A customer feedback loop is the process of receiving feedback from customers and then responding to that feedback.
The customer feedback loop starts with a brand creating an opportunity for the customer to provide feedback, followed by the customer sharing their inputs, and is closed when the brand shows that the feedback has been addressed (or that there is a plan to address it).
What are the common steps in the customer feedback loop?
As the name suggests, the customer feedback loop is a cycle that follows a specific set of steps. These include the following:
- Feedback is received from the customer, either in response to a specific request or spontaneously.
- The brand gathers as much additional information about the feedback as possible. This can be done with follow up questions in direct contact with the customer, or by further investigating the situation internally.
- The brand analyzes the feedback to determine whether this is a one-time incident or if it reflects a pattern of positive or negative activity.
- The brand determines how they will respond, both in terms of the action items that need to take place to remedy the situation (if needed) and communicating with the customer.
- The brand uses the customer feedback to improve the customer experience.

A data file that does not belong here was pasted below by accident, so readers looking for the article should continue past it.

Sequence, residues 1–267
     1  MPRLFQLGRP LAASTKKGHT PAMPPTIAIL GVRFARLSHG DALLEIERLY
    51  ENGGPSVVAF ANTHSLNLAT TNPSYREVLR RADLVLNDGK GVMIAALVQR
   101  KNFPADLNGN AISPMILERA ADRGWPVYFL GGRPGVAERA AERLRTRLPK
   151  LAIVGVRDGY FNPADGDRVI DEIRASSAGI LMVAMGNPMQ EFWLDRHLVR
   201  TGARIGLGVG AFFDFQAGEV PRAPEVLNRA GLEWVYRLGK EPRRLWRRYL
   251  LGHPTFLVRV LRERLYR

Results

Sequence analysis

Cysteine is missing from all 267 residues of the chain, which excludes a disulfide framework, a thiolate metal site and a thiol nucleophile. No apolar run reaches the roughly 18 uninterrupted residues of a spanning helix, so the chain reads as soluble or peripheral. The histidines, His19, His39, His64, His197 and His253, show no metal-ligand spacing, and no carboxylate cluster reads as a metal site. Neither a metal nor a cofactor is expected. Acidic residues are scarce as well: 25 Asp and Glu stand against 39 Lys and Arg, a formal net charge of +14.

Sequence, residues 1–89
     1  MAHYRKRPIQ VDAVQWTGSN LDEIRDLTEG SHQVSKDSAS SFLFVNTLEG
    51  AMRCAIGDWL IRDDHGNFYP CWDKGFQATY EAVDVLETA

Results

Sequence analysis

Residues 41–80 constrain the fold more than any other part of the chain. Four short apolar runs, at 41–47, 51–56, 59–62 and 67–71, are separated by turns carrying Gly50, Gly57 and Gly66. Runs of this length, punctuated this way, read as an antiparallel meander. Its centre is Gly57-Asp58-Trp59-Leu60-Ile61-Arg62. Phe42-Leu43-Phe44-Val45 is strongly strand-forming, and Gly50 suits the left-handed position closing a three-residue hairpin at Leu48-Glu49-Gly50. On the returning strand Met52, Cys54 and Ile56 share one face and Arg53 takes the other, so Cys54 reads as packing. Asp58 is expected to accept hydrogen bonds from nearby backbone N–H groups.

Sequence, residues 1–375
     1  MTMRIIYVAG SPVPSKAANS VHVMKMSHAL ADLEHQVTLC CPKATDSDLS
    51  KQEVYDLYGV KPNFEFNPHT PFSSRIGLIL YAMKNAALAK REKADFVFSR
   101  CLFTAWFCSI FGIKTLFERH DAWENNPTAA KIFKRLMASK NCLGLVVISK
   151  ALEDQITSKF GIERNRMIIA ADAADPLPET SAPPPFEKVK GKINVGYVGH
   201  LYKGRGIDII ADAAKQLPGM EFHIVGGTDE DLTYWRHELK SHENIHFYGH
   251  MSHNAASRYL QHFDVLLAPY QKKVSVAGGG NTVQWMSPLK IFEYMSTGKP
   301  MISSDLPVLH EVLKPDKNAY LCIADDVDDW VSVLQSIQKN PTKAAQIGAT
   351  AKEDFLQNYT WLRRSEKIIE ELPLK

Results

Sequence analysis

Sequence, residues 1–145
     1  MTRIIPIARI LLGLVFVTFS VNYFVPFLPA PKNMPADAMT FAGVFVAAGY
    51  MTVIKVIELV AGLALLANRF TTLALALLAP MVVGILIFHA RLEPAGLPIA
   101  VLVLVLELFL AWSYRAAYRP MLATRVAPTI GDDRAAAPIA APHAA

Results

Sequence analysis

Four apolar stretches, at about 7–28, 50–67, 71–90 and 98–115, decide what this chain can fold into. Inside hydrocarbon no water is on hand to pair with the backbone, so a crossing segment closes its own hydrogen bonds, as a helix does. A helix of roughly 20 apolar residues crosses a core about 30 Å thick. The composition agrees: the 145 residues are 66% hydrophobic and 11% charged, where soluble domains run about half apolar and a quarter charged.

- The brand then notifies the customer of any planned or executed actions that result from the feedback. This response can range anywhere from correcting a typo to implementing new features in a product.
These steps don’t only apply to customers experiencing issues. Even when a customer provides positive feedback, it’s an opportunity to engage and continue to build a trusting relationship with them.
What is the difference between positive and negative feedback loops?
As most customer service representatives will know, customers are more likely to provide feedback when they’re very satisfied or very unsatisfied. That leaves us with two typical customer feedback loops.
- Negative customer feedback loops are focused on elements that a customer feels needs improvement – whether that’s in the customer experience, the product, or the level of service provided.
- Positive customer feedback loops identify the things that are going well. These can be particularly useful as they enable teams to recreate positive customer experiences for other customers or members.
Why is it important to close the customer feedback loop?
Having a structured customer feedback loop is a surefire way to ensure that customers can provide the feedback a brand needs to refine their products, services, and support.
Brands that take their customer feedback and put it into action – and then communicate those actions back to the customer – are also far more likely to build trust. People like to feel heard, and that they’re helping to make things better, so closing the customer feedback loop with the right type of messaging can go a long way.